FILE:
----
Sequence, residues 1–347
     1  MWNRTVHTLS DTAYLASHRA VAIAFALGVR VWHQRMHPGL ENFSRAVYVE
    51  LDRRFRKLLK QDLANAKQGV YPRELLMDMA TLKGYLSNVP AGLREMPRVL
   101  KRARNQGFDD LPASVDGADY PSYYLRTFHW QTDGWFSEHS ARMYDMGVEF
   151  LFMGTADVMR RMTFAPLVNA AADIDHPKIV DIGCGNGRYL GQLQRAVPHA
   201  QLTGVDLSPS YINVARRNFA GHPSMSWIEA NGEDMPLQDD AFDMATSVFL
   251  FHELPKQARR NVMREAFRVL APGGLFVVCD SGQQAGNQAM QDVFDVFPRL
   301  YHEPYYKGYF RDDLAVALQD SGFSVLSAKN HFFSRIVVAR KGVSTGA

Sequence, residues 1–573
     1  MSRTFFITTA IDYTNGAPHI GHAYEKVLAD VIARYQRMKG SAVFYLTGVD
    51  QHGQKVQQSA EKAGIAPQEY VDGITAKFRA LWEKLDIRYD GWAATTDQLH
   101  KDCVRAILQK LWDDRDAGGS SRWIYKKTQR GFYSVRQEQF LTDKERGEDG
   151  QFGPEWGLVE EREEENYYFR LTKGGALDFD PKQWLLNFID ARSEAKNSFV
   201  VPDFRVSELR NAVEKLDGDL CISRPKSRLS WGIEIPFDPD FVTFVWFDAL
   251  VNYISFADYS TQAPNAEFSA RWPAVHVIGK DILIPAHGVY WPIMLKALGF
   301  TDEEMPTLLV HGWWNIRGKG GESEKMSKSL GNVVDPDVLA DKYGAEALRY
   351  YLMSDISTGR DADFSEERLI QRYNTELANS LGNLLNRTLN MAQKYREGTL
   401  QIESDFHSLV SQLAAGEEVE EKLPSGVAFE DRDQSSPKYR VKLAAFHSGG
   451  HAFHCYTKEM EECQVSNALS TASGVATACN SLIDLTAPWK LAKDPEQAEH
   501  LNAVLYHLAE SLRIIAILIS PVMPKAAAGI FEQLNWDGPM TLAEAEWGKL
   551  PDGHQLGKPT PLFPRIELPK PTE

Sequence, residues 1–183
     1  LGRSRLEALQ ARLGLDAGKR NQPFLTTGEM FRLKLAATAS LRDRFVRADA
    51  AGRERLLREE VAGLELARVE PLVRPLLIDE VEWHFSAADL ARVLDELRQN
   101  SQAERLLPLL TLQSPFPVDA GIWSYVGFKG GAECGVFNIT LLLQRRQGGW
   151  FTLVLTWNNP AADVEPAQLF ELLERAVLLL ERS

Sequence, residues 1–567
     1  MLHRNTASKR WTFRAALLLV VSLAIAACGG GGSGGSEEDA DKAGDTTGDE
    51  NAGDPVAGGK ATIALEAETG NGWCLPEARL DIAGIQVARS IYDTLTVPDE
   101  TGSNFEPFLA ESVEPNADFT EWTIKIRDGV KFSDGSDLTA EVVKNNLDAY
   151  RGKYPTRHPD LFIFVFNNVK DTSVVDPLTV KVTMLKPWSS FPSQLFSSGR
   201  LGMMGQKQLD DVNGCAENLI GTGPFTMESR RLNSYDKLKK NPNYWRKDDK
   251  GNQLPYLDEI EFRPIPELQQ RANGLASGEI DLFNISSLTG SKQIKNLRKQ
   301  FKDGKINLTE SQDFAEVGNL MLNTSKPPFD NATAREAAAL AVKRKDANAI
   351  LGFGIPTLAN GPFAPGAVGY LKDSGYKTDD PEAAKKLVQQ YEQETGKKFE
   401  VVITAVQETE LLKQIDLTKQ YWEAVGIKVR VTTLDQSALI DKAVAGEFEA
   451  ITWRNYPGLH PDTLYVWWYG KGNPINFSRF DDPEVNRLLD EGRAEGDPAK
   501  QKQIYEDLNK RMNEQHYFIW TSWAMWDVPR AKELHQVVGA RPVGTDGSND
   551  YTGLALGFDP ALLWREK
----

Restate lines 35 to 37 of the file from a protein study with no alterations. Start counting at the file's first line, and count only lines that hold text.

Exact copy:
   351  LGFGIPTLAN GPFAPGAVGY LKDSGYKTDD PEAAKKLVQQ YEQETGKKFE
   401  VVITAVQETE LLKQIDLTKQ YWEAVGIKVR VTTLDQSALI DKAVAGEFEA
   451  ITWRNYPGLH PDTLYVWWYG KGNPINFSRF DDPEVNRLLD EGRAEGDPAK